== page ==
miércoles, 20 de junio de 2012

Who do you call in Beirut?

A couple of days ago there was a big fight in the street, just outside of my building.  I heard screaming and a big commotion and when I went to the balcony, I saw about 12 guys going at it. Swearing and punches and a lot of yelling. I quickly moved away, as I thought that someone might be armed.

I looked around and saw all my neighbors in the buildings in front of mine in their balconies, just watching the “show”. No one seemed ready to intervene or even to try to call the police. And that’s when it hit me… There is no police to call in Lebanon.

I mean there is a police. And an army. And sometimes army guys stand outside private houses as guards. Or tell you not to park somewhere. While the police is coordinating traffic, but sometimes the army is. Listen, it is very confusing. I wouldn’t even try to understand who does what.

But that was what alarmed me the most. Without clear roles, in a moment of stress, I didn’t know who to call. The fight ended up eventually. But the feeling of vulnerability didn’t leave me. Who would I call? Who do Lebanese call?

I sat down for lunch the following day with a Lebanese colleague. I shared with him the experience and he just smiled. And then he told me “You call your uncle. He will call his friends. And in 15 minutes, you have 30 guys at your house ready to help”.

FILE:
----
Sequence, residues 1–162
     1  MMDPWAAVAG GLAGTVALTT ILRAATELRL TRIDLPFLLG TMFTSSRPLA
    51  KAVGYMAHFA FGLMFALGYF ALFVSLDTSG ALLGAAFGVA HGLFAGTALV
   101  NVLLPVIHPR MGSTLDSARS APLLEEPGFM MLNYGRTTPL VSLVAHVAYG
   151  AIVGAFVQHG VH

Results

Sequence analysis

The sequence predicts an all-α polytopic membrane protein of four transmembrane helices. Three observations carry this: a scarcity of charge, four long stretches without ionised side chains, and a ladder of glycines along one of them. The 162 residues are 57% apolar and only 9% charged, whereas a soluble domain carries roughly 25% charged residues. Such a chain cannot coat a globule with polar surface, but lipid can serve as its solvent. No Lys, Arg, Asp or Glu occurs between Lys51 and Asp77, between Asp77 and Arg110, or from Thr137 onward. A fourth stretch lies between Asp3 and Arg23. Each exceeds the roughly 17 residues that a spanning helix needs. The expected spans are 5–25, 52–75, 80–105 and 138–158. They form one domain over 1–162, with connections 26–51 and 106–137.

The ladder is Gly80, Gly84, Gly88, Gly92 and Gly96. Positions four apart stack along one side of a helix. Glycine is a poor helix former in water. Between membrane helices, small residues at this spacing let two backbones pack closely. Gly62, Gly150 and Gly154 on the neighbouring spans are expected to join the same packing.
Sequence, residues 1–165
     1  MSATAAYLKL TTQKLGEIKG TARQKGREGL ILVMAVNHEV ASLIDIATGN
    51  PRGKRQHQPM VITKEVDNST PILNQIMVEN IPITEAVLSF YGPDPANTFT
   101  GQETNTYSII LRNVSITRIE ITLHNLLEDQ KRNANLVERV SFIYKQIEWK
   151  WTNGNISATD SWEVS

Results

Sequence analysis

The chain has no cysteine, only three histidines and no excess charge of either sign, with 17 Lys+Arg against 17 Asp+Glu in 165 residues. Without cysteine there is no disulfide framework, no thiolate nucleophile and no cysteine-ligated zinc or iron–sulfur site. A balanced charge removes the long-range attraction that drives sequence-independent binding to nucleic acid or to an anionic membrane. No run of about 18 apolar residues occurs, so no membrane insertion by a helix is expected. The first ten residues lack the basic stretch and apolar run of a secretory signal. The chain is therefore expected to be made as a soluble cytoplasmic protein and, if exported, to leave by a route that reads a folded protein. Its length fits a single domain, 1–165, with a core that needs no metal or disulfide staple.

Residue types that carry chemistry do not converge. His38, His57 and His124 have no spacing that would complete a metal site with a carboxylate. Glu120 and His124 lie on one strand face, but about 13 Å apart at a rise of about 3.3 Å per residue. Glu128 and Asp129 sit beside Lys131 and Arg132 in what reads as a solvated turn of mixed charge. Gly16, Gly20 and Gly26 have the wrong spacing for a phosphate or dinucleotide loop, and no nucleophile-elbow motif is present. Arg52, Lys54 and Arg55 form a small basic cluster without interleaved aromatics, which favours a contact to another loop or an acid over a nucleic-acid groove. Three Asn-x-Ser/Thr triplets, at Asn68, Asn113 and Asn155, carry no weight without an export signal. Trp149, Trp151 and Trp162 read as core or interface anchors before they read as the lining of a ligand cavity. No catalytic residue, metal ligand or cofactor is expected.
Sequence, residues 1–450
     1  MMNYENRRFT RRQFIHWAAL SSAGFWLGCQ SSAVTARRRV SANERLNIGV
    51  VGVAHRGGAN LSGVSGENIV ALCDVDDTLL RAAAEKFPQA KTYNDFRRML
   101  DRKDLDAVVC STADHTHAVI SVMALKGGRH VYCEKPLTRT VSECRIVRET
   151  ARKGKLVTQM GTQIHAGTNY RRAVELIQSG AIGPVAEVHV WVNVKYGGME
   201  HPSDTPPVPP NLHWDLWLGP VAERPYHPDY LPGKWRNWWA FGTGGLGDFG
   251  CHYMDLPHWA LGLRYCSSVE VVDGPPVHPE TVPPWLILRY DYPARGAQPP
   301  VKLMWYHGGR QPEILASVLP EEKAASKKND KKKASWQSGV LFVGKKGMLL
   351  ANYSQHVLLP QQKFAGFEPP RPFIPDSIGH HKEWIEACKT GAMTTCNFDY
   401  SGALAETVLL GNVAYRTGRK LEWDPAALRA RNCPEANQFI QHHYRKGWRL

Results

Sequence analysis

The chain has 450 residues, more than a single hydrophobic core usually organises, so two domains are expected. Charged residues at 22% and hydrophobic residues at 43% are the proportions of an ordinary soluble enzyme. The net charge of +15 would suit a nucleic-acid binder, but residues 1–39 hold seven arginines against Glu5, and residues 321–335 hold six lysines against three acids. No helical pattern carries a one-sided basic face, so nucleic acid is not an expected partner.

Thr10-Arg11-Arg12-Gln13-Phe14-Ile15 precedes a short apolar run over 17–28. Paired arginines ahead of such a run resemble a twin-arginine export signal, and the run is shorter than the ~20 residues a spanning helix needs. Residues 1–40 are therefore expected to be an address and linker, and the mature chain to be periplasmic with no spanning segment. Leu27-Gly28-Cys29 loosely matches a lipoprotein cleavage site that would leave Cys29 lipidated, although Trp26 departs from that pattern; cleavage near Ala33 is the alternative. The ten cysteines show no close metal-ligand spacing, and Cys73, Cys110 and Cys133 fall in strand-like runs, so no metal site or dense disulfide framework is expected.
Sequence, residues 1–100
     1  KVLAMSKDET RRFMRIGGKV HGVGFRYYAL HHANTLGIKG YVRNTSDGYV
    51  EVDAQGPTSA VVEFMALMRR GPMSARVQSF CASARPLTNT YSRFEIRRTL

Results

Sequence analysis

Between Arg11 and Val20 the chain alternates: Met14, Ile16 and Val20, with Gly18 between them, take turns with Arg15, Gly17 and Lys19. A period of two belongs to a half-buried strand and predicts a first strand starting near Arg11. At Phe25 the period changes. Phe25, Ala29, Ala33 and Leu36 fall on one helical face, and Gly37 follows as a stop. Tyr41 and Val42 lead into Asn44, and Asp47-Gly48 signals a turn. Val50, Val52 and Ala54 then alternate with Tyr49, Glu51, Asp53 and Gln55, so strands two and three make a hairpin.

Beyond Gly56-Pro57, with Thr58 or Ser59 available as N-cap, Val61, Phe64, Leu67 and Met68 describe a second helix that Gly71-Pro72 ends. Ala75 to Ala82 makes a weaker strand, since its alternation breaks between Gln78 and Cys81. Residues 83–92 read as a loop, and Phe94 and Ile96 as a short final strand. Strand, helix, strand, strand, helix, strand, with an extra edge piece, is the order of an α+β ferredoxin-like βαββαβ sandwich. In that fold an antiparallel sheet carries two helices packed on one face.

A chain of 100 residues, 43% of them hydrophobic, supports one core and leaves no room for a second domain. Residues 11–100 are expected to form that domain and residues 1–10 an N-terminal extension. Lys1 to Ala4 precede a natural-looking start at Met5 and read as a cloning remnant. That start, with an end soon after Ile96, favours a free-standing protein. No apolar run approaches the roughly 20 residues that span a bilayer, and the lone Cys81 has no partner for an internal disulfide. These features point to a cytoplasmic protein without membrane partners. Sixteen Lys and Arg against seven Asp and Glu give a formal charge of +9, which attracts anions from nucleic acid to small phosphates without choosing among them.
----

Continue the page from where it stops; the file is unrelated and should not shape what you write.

He continued “ In Lebanon you call your people when you need help. You don’t rely on the government, or on your neighbors. Your people are the only ones you can count on for your safety, for survival. “

As things get tense in Lebanon these days, these words resonate more and more in my head. That is probably what happened on my street that day. Two people had a problem, and they called their people for the fight. And when we see the ongoing fighting in this part of the world, although at a different scale, it is not that different. People fight for their own, and against the “other” because there is no common identity, institution or sense of citizenship that binds them together. My family, my friends, the people of my same religion, sect, tribe, group are my people. The other ones are outside. I fight for my own because if I don’t a) no one will protect the people I love and b) the group won’t be there when I need them.

Looking at it from this perspective, the conflicts that comprise the every day struggle of the Lebanese make a little more sense. And it also overwhelms me. Where do you start building unity? How can one trade a sense of group, safety and survival when no one else will have your back?